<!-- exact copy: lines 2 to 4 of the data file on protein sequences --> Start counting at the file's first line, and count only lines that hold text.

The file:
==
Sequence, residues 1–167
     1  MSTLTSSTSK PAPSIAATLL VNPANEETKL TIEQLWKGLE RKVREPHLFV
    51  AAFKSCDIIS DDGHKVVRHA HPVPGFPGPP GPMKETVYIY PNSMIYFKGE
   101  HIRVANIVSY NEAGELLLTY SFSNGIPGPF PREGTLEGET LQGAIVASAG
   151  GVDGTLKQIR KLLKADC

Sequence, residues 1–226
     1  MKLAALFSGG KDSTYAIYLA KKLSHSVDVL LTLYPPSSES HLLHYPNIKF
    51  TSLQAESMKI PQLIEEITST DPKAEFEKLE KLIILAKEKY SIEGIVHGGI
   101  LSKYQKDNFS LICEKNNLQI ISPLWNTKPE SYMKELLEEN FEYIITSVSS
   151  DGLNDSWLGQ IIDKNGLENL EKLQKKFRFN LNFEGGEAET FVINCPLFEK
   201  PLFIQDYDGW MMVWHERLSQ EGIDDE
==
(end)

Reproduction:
     1  MSTLTSSTSK PAPSIAATLL VNPANEETKL TIEQLWKGLE RKVREPHLFV
    51  AAFKSCDIIS DDGHKVVRHA HPVPGFPGPP GPMKETVYIY PNSMIYFKGE
   101  HIRVANIVSY NEAGELLLTY SFSNGIPGPF PREGTLEGET LQGAIVASAG